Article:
If you’ve landed on this website, we suspect you already know this: racers gonna race. Even when they can’t get to a proper-sized racetrack, this special breed of humans somehow finds a way to feed that hunger for competition and, relatively speaking, speed. Pandemic-related restrictions aside, one of the more unique methods of satiation is slot car racing.
The hobby became popular in the 1960s and is alive and well in distinct pockets across the country. In basic terms, a slot car is a miniature version of an automobile designed to run on a grooved (or slotted) track.
Oh, but these aren’t just for kids.
Slot car racing has become ultra-competitive, and modifications for performance are common. There are commercially available slot cars, sure, but it’s no secret that racers don’t like to leave things alone.
Dallas Glenn is one such racer. By day, he’s a truck driver, back-half specialist, and tire specialist for the Mooresville, North Carolina-based KB Racing NHRA Pro Stock team. The Kent, Washington, native’s heart is in the driver’s seat, though. Glenn is an accomplished NHRA Sportsman and bracket racer and spends as much time as possible behind the wheel of the 1968 Chevy El Camino that once belonged to his grandmother, Bernice.
He picked up the slot car habit after moving to North Carolina and joining friend Doug Foley Jr. at a few slot car races. Glenn soon realized he was going to need to make an investment in an operation of his own.
His slot car collection has grown to include pint-sized replicas of Jason Line’s Buick GS Stock Eliminator car and the ’55 Chevy wagon that’s been in his family for three generations. Wife Sadie has been roped into the hobby as well and has ownership of a winning slot car fashioned after Tow Mater from Disney Pixar movie Cars.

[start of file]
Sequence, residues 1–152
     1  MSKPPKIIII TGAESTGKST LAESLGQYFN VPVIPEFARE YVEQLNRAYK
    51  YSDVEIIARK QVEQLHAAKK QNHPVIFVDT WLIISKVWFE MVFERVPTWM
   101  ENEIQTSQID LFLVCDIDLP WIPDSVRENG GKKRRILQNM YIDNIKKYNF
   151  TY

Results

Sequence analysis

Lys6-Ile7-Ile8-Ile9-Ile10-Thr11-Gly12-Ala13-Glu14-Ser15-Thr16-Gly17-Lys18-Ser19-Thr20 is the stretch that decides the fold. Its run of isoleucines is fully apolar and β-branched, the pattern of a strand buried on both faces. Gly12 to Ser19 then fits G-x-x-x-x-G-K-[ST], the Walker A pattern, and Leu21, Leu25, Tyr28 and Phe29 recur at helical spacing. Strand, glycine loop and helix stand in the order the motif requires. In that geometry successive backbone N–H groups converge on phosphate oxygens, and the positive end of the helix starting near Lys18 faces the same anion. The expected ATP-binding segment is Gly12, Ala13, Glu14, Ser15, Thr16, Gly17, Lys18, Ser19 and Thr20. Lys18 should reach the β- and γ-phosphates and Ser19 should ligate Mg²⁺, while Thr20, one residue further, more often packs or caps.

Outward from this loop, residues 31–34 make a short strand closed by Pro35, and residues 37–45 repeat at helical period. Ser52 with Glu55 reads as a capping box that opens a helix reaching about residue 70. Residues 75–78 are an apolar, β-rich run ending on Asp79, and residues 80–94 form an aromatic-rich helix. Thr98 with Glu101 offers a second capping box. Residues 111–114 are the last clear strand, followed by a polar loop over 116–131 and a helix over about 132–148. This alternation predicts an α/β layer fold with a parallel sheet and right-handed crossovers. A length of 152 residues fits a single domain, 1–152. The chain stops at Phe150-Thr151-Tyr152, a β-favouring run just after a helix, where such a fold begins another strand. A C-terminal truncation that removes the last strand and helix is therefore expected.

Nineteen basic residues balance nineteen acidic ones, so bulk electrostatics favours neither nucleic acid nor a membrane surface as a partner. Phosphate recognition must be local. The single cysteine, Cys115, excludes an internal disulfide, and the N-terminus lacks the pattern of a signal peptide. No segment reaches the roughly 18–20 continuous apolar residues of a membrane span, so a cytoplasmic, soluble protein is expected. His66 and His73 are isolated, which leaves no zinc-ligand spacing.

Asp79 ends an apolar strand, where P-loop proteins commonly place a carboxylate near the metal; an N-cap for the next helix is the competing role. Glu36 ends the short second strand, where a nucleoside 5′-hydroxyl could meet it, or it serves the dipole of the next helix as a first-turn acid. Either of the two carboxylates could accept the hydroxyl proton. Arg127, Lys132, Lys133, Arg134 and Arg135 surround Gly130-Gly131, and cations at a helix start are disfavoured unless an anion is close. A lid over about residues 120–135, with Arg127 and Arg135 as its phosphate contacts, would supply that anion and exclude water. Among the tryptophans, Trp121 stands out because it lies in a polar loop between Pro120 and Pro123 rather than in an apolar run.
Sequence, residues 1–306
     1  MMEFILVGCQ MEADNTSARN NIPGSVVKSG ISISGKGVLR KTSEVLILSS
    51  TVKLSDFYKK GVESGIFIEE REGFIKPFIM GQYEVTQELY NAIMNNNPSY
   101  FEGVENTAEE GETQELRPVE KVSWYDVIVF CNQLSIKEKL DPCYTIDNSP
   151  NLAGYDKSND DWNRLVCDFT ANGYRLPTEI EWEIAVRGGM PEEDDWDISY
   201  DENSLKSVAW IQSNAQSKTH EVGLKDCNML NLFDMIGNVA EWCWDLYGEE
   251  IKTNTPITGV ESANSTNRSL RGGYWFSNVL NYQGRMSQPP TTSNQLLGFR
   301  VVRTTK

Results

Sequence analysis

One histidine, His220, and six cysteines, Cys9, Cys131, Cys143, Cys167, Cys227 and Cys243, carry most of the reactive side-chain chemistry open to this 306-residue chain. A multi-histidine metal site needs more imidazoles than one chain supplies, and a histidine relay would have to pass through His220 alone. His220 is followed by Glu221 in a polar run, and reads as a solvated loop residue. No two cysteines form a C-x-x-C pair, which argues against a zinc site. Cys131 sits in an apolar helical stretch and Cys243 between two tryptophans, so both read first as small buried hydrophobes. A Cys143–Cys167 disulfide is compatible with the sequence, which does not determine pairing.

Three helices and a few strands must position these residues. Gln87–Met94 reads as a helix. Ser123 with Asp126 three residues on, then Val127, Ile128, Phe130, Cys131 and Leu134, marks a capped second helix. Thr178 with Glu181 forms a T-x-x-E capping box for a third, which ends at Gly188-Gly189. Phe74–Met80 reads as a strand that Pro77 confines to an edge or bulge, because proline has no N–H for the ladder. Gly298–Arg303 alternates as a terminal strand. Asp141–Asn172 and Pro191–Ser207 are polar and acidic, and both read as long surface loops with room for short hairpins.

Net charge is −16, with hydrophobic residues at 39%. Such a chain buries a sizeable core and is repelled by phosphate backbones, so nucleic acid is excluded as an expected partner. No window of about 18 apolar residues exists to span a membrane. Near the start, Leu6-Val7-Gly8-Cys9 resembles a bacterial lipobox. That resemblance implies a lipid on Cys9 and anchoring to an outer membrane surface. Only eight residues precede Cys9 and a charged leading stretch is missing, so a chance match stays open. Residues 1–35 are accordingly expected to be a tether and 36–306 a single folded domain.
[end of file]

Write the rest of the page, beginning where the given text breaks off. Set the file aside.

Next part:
“It can be expensive if you want it to be, but really, it’s a pretty cheap hobby,” said Glenn, fresh from purchasing CNC billet aluminum wheels for the Buick. “The engine in the wagon was $16. Racing on a Wednesday normally costs $30, plus buy backs, if you enter the max. It’s fun and doesn’t cost a lot of money, so I like it.”
Although it doesn’t take a ton of investment to be a hobbyist in the world of slot car racing, it can be financially beneficial if a driver is good and lucky. Glenn attended a race last winter that paid several thousand to win, and there are events that pay even bigger, like the 1/25th Scale Million Dollar Race at Top Slots Raceway in Oklahoma City.
In normal times, Glenn tries to race his slot cars at least once a week, usually on Wednesdays between races, but he’s likely to squeeze in a race on weekends off from full-sized competition.
So, what’s the winning formula?
“Number one, be patient,” said Glenn. “It can be challenging and frustrating at times, especially when you’re racing against some of the best slot car racers in the country. Number two, don’t be afraid to ask for help with a car that isn’t working as well as you would like. Pretty much everywhere I go, slot car racers are very nice and always helping each other out. Number three, have fun. At the end of the day, win or lose, you should be enjoying it. It can be serious, but they are little toy cars, after all.”
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